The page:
For sure it is one of the challenges that we face, but the success stories are obvious.

In the case of the United States with Mexico, it is clear that we not only are have a strategic relationship but for us the U.S. is our largest trading partner and we are the first, second or third largest trading partner of 30 U.S. states. Six million American jobs depend on the bilateral relationship with Mexico and the dynamics we have had in recent years have increased U.S. competitiveness.

Yesterday that I was in Arizona I said that 111,000 jobs in that state depend on bilateral trade, in California 700,000 and in Texas a similar amount.

 

Would it be possible for the next U.S. president to revert this integration process?

The NAFTA states that any of its members may terminate the treaty, but in real life the dynamics of integration, shared construction and production are so real that it does not seem feasible to undo them, especially because logic dictates that if you impose barriers on something that works it has negative effects.

 

Recently Mexico has experienced difficult times, for example what happened in Oaxaca, where people were killed, and with entrepreneurs expressing their complaints on the streets. Is it difficult to speak well of Mexico abroad when these things are happening inside?

I would say that Mexico is a country valued by the international community. Not only because of its economic weight -we are the fifteenth economy in the world- but also because of the transformation process promoted by the President of the Republic. The reforms have been a model in many countries and are one of the reasons for which the world and our partners follow what happens in Mexico with much interest.

Mexico faces challenges, no doubt, but what we always do given the solidarity and concern shown by some of the countries with which we have a relation is to inform them and talk about the situation, and contextualize and repeat what is true: the uncompromising commitment of the President to overcome the challenges that we face.

 

Several international organizations, NGOs and even governments like the United States have expressed concern about human rights violations in Mexico, which in some cases has been called “systematic”. Do you agree with that vision? What is Mexico doing to avoid being perceived this way or to prevent this from happening in the country?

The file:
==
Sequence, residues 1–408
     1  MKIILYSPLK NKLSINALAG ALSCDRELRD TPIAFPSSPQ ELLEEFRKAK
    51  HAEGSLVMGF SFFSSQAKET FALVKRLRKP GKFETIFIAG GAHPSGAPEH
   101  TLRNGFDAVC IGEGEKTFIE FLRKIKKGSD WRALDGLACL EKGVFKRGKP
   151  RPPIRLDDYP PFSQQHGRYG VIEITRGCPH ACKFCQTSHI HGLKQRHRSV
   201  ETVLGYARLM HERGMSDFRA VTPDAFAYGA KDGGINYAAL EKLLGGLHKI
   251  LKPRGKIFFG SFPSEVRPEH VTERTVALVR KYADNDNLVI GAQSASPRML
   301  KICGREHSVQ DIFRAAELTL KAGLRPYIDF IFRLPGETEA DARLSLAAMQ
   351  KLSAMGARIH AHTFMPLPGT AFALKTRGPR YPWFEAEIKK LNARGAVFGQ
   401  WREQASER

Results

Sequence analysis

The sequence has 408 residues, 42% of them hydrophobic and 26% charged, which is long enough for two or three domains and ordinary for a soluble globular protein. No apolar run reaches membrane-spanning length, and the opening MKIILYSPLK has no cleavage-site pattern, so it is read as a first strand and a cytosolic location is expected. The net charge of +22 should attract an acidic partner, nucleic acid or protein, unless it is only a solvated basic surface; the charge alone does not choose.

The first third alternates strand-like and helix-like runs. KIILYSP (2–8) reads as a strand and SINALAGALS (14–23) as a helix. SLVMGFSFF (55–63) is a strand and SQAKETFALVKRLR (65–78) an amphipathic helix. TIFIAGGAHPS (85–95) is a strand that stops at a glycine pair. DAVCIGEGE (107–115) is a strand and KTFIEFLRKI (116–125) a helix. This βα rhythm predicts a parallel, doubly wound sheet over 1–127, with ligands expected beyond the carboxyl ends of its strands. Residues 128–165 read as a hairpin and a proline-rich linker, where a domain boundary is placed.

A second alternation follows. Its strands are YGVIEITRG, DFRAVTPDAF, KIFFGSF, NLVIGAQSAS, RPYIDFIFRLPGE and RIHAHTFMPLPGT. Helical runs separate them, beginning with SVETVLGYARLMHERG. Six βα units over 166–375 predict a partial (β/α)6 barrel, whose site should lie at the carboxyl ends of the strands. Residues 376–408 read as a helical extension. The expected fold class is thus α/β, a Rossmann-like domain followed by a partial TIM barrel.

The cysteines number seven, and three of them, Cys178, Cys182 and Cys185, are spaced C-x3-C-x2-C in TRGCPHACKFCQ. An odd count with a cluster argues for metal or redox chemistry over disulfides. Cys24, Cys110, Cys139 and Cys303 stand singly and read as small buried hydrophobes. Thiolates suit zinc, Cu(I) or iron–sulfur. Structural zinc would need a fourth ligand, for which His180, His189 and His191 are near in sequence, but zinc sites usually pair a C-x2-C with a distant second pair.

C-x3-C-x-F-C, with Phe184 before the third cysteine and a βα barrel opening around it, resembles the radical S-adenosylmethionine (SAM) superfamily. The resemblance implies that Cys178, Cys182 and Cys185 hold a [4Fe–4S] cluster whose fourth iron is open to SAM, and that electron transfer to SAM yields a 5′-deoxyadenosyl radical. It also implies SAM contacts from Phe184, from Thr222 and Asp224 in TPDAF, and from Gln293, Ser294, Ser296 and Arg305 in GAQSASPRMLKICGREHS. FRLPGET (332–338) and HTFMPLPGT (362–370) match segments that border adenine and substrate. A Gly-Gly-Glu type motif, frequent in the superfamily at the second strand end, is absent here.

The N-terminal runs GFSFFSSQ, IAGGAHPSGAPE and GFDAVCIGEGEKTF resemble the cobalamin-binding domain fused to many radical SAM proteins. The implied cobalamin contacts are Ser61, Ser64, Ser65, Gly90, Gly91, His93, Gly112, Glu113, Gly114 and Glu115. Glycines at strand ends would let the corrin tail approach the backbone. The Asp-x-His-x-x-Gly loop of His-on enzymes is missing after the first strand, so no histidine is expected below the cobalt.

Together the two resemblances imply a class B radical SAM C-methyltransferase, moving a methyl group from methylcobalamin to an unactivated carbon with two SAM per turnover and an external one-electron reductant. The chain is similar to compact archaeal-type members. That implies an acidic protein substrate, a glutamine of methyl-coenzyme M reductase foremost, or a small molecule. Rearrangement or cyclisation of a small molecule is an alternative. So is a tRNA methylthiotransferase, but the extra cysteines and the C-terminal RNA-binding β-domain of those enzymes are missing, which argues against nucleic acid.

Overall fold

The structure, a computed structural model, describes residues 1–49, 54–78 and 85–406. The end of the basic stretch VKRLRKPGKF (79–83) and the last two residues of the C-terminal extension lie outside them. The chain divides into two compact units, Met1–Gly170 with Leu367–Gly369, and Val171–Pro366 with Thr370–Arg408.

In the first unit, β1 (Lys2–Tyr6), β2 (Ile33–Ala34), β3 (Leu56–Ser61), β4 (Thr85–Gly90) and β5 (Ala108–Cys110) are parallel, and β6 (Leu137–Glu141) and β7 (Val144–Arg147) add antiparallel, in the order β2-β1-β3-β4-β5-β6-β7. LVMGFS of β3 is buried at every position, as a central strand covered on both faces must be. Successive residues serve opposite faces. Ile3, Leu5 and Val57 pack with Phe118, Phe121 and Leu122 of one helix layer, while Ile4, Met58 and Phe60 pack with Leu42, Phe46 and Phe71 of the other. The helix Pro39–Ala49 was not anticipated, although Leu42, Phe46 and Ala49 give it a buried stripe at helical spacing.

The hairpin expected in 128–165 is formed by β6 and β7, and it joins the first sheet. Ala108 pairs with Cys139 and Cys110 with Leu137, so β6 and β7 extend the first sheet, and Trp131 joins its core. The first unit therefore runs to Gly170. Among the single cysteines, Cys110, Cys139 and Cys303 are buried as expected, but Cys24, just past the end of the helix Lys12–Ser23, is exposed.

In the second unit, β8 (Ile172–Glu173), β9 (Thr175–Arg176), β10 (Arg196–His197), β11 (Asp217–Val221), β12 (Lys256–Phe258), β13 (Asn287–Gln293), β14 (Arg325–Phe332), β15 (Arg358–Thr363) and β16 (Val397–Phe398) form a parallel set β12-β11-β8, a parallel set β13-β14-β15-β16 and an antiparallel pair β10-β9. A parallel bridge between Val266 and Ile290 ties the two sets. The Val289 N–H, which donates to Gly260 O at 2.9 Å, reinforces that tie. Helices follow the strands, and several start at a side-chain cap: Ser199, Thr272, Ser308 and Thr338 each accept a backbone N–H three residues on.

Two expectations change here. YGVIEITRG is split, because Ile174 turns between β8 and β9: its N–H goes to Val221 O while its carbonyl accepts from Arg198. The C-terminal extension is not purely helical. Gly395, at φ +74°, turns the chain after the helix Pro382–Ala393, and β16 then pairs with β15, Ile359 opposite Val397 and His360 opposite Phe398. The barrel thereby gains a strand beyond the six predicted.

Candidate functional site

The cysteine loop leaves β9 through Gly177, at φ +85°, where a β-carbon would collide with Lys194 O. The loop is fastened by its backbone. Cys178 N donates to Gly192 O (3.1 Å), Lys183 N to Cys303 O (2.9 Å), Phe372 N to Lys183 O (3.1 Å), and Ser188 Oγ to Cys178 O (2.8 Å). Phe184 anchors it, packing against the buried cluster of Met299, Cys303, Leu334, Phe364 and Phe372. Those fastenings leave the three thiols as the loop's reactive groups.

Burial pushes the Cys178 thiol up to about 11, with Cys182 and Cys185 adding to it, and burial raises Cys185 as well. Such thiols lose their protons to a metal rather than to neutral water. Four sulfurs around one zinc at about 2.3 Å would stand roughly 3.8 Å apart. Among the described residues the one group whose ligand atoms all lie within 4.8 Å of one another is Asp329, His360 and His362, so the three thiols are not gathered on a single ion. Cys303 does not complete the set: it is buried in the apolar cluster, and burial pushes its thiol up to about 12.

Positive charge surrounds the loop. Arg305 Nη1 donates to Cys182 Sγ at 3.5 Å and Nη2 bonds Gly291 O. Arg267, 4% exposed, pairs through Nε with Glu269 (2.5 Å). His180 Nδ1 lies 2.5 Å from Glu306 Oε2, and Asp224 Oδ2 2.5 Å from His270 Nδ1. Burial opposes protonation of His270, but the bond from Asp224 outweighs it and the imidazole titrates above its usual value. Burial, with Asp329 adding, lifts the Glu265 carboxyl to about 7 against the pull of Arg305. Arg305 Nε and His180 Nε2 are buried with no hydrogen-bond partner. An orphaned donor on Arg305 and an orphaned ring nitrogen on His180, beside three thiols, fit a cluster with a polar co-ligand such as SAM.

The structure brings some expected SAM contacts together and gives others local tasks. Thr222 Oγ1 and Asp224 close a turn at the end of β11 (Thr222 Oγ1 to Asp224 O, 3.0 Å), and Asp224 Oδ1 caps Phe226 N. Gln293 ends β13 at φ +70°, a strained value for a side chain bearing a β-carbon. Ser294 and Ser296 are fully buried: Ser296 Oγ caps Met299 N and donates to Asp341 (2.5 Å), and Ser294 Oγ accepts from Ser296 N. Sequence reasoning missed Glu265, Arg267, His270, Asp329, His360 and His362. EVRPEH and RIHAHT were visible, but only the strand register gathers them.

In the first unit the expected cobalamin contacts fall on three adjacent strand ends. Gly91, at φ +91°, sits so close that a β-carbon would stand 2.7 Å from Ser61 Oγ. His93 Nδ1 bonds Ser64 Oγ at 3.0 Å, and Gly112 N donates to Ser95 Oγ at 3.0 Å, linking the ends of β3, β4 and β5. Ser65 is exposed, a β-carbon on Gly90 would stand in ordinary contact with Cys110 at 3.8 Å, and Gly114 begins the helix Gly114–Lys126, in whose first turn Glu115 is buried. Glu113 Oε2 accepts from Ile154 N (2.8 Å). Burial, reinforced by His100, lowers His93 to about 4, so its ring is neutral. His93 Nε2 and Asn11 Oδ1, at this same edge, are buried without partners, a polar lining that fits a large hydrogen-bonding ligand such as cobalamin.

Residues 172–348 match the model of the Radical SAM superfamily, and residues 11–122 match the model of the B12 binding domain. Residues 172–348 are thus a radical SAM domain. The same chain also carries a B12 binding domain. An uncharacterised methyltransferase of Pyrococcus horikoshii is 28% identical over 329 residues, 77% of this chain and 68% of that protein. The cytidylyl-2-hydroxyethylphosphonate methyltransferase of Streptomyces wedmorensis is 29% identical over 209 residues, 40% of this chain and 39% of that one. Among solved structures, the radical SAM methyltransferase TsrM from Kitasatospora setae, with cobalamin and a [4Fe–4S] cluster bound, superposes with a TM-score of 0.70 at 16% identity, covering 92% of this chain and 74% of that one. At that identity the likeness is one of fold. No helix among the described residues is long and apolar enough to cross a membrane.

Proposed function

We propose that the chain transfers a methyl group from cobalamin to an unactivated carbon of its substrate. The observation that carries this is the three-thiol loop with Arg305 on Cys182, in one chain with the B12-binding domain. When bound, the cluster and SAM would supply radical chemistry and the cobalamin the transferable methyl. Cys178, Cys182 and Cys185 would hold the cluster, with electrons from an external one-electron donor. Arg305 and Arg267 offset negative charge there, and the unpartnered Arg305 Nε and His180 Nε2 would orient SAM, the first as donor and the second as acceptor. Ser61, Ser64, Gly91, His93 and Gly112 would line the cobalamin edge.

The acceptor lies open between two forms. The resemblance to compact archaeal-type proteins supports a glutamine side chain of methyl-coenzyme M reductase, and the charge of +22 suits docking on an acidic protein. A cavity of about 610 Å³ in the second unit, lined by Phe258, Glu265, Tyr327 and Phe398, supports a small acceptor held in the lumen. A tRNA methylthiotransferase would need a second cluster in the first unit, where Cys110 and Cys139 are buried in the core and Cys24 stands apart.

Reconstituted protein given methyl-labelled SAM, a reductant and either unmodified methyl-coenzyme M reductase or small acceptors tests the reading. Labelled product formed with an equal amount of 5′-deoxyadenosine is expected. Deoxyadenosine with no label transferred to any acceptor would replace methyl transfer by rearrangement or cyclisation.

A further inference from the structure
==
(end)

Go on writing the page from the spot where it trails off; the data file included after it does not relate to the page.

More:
No doubt, Mexico faces challenges on human rights issues like the rest of the countries, and it is legitimate for our partners and friends to ask us about specific incidents, as we also express concern about specific events happening in other nations.

We are concerned, for example, about the dynamics experienced by our co-nationals in the United States, or the attack in Orlando last week, or other events that have happened in Europe before. This is part of the dialogue between countries and mature democracies, and in this sense the government of Mexico reaffirms its uncompromising commitment to the promotion and defense of human rights.

The entry into force of the New Criminal Justice System is one of the steps taken by the Mexican government to build a legal and judicial system that puts citizens at the center of the system.

Other examples are the bills sent to Congress regarding torture or enforced disappearances, the enormous resources allotted to train public servants and create programs to promote human rights, as well as the equal marriage proposal made by President Peña Nieto.

In fact, Mexico is one of the most open countries to international scrutiny on human rights issues. We are the seventh most open country to such scrutiny, the one that has been visited by more special rapporteurs and observers in the last 20 years.

 

In the case of the United States, would you say that criticism and self-criticism should exist among partners?

Partners and friends should always be able to talk and address issues of concern, and that is the attitude of the government of Mexico and the way we deal with our partners and friends.